Collin Arocho
6 November

TUE, together with spin-off Maxwaves, has completed its first practical tests of their new 5G and 6G antenna technology on campus. In anticipation of the rollout of the next-gen cellular networks, the collaborators have successfully employed electrically-controlled dish antennas to steer focused radio waves in specific directions over a long distance.

Ronis Maximidis (left) and Ali Al-Rawi from Maxwaves next to their demonstrator. Credit: Ksenia Korzun

At its release, 5G will use the same low frequencies (700 MHz – 2 GHz) as the current 4G network. But the higher the frequency, the more data you can send. This is why efforts are being made towards a form of 5G that works at much higher frequencies – 26 GHz, for example. The capacity then immediately increases by a factor of 100.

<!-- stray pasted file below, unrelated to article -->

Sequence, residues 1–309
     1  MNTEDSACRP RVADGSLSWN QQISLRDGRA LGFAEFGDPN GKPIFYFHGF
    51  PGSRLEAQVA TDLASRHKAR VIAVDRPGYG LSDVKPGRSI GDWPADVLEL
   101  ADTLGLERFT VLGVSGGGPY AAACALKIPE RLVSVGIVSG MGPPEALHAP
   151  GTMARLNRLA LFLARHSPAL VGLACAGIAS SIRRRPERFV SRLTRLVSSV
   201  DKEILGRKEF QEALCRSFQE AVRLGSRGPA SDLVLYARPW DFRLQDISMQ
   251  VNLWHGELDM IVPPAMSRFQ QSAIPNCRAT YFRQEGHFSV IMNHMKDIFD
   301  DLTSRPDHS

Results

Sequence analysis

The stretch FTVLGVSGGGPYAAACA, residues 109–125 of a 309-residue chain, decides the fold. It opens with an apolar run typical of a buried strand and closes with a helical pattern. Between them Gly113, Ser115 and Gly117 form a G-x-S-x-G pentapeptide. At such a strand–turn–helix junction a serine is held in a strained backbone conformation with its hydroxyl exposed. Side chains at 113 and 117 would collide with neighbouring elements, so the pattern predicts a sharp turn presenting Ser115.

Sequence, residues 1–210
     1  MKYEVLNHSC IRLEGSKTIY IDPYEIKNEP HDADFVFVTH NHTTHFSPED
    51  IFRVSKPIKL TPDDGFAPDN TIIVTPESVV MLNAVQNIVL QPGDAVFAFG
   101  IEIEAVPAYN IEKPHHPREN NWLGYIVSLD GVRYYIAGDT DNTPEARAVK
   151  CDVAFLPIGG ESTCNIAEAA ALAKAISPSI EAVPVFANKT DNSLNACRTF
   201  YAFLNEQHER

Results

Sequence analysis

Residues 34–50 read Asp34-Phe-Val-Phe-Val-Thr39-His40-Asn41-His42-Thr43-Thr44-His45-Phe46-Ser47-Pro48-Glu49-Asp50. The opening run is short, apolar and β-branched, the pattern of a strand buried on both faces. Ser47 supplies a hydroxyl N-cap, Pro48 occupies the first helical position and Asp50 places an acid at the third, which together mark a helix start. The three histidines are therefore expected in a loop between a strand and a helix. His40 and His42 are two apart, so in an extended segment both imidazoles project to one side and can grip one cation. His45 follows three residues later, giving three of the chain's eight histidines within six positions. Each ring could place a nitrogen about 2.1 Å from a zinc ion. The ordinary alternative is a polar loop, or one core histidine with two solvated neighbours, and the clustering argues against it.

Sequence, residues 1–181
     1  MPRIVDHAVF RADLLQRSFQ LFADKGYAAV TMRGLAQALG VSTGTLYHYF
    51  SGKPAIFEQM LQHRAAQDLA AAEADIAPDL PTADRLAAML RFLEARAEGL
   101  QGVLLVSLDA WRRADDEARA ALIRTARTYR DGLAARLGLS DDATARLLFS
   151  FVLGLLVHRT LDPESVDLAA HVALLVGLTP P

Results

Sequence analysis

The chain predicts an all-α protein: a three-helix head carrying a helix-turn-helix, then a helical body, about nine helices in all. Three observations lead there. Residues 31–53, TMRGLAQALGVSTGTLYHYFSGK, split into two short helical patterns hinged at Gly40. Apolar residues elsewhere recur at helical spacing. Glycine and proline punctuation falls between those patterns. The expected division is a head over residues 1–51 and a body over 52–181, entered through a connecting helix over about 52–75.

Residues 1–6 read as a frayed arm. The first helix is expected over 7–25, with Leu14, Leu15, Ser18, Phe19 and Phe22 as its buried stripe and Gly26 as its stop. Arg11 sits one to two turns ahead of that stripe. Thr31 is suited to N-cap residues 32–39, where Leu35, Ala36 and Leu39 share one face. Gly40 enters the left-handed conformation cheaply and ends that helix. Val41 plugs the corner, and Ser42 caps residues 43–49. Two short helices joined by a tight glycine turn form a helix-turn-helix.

“The antennas bundle multiple signals into a very narrow, strong beam of radio waves, similar to a laser beam,” describes Ronis Maximidis, TUE PhD candidate and co-founder of Maxwaves. “Our system aligns the signals electronically so that the antennas don’t have to move mechanically.”